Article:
Saturday, September 04, 2010

First Thoughts: iTunes Ping

So far, I'm not impressed with Apple's new social networking service, Ping (included in the latest version of their iTunes software).

I've already run into two technical dislikes with Ping:

First, it doesn't seem to support multiple profiles. One iTunes account, one profile on Ping.

Our household uses one iTunes account for the whole family. If we each had an iPod or other "digital rights management"-afflicted device, multiple accounts might make sense. We don't, so it doesn't.

So, Ping is set up with my name, my photo ... and by default the musical preferences of the entire family, although I can intervene to adjust that.

Multiple profiles makes sense. It would probably enhance music sales.

Presumably the efficient cost of any single profile to Apple in terms of storage, CPU time, etc. approaches zero -- the server overhead, bandwidth, etc. are distributed across a lot of customers. Allowing up to five profiles wouldn't break the bank or anything.

With multiple profiles, I could talk bluegrass and 60s garage punk with my Ping friends, under my name, with my photo; Daniel could discuss Green Day, Lady Gaga, etc. without a picture of his old man appearing next to his posts; etc.

Secondly, the preferences aren't very granular. I can choose whether to be open to being "followed" by everyone, or only allowing people I want as "followers." I can choose what kind of music to "feature" in my profile. But if I'm reading the options right, once I have a "follower," I don't control whether or not that "follower" gets notified that I bought "Gold: Abba's Greatest Hits" or "ZooFest 2009: The Sounds of Wimmin Having Sex with Farm Animals."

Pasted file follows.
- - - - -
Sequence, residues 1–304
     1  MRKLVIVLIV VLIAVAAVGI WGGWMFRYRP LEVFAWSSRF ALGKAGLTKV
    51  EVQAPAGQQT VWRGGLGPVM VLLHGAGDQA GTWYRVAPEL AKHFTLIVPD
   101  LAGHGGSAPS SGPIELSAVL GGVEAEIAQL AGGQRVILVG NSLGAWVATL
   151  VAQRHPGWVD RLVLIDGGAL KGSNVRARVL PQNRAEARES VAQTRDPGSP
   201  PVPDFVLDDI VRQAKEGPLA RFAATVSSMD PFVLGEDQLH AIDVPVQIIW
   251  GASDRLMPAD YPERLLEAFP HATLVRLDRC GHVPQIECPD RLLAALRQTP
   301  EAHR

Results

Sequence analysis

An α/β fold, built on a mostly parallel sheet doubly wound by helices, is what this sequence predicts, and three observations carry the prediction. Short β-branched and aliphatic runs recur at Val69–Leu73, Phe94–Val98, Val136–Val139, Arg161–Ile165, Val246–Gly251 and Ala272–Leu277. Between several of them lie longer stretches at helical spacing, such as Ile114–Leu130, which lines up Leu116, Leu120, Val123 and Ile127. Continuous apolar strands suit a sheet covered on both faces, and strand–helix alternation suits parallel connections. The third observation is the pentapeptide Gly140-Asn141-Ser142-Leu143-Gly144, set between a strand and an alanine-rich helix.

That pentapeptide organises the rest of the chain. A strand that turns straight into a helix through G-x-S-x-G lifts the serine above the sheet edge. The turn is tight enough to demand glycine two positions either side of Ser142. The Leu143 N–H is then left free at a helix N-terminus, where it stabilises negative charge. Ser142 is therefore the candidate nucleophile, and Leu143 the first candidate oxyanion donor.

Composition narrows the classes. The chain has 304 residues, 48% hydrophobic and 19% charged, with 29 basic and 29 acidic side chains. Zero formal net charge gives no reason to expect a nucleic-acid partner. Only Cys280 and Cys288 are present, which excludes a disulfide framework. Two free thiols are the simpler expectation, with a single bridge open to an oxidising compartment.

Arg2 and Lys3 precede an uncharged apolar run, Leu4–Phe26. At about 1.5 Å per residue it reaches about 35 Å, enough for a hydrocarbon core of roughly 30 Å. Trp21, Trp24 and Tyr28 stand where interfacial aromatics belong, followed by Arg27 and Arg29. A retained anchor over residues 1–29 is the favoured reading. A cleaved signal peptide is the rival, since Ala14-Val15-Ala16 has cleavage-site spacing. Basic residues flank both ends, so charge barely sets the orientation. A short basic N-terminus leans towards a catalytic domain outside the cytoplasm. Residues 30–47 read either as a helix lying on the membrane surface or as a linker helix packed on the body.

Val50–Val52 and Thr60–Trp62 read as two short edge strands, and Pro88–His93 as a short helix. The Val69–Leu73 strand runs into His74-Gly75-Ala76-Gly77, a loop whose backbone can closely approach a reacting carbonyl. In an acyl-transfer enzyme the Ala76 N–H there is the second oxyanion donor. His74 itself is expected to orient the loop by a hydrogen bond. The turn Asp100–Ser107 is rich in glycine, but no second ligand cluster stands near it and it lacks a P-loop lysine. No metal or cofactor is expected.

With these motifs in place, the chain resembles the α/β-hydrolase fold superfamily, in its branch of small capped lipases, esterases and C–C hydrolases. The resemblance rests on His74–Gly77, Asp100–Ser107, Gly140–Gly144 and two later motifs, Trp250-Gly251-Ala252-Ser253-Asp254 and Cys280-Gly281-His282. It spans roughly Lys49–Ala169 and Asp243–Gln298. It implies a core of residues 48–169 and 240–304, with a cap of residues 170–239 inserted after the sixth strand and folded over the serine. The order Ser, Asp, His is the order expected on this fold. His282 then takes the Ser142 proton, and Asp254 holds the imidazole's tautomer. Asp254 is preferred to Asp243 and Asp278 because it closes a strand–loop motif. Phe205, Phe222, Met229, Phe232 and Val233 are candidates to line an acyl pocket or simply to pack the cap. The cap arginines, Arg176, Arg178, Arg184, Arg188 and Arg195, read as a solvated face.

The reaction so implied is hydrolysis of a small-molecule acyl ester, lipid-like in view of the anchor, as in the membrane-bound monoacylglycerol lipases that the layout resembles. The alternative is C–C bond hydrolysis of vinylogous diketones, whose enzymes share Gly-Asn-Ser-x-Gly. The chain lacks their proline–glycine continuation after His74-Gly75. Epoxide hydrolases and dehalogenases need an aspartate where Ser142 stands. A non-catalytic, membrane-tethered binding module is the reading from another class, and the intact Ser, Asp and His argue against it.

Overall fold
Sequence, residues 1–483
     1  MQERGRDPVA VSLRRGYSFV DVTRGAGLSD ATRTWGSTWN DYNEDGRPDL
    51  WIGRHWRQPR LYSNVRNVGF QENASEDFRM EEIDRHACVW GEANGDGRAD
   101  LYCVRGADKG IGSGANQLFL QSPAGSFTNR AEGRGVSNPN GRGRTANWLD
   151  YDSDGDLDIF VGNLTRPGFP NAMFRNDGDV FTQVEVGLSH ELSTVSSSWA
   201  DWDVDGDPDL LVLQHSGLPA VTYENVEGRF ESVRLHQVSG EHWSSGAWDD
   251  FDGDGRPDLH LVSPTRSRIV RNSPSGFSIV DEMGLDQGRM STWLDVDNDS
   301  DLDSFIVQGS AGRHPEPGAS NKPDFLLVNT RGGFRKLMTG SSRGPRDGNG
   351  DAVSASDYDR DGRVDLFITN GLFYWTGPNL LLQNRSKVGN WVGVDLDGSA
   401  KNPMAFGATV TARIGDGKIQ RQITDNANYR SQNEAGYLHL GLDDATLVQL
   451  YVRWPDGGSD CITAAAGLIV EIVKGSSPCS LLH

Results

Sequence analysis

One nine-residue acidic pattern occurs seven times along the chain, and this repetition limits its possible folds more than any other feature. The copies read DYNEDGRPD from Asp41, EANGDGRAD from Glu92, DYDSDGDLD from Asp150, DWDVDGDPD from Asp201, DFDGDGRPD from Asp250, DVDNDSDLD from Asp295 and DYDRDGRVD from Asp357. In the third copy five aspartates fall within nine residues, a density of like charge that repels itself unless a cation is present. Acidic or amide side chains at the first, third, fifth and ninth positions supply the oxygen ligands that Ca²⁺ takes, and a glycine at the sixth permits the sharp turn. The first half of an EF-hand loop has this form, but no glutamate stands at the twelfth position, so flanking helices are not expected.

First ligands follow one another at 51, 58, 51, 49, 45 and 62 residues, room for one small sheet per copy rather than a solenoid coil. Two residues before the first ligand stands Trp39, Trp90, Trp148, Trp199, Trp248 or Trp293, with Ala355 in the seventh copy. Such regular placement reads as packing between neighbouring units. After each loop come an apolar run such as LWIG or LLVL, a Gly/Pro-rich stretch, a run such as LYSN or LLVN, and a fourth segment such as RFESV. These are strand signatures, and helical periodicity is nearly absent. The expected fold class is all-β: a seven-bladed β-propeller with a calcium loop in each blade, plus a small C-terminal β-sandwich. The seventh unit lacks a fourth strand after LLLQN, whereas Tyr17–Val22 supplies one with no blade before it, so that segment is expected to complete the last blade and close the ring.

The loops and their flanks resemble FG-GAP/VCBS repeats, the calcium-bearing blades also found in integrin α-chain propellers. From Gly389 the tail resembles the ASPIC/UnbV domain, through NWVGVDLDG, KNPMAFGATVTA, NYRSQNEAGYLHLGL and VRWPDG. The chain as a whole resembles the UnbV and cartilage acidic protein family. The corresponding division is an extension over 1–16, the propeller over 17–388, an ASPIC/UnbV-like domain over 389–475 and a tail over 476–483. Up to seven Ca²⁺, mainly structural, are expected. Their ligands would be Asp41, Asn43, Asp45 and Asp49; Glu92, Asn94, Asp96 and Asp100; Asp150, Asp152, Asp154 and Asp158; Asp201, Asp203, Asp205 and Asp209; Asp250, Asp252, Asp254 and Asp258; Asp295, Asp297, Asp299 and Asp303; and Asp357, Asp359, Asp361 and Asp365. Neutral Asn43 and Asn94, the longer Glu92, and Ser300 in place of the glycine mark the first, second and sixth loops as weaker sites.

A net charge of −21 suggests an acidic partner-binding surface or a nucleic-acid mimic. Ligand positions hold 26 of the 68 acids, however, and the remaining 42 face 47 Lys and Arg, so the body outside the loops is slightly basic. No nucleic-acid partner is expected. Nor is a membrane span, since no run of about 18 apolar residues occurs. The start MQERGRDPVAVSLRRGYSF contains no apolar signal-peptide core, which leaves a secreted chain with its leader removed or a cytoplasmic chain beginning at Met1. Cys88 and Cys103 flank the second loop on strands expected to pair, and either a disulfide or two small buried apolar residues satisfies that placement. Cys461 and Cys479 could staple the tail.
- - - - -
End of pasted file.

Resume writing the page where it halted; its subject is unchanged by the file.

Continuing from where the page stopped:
Those are the things I found and did not like in the first ten minutes.

The bigger problem for me is figuring out why Ping makes any sense in the first place.

I know why it makes sense to Apple -- they think that that there social networking stuff will increase sales.

But why would it make sense to me? I'm already a member of any number of social networks (though honestly the only one I make much use of is Facebook), and I can discuss music on any or all of them. I can discuss everything else, too ... whereas on Ping it looks like I'm limited to showing off what albums I bought, what groups I like, and maybe writing some reviews of same.

I may mess around with Ping some more, but so far it's 10% not so good and 90% yawn.

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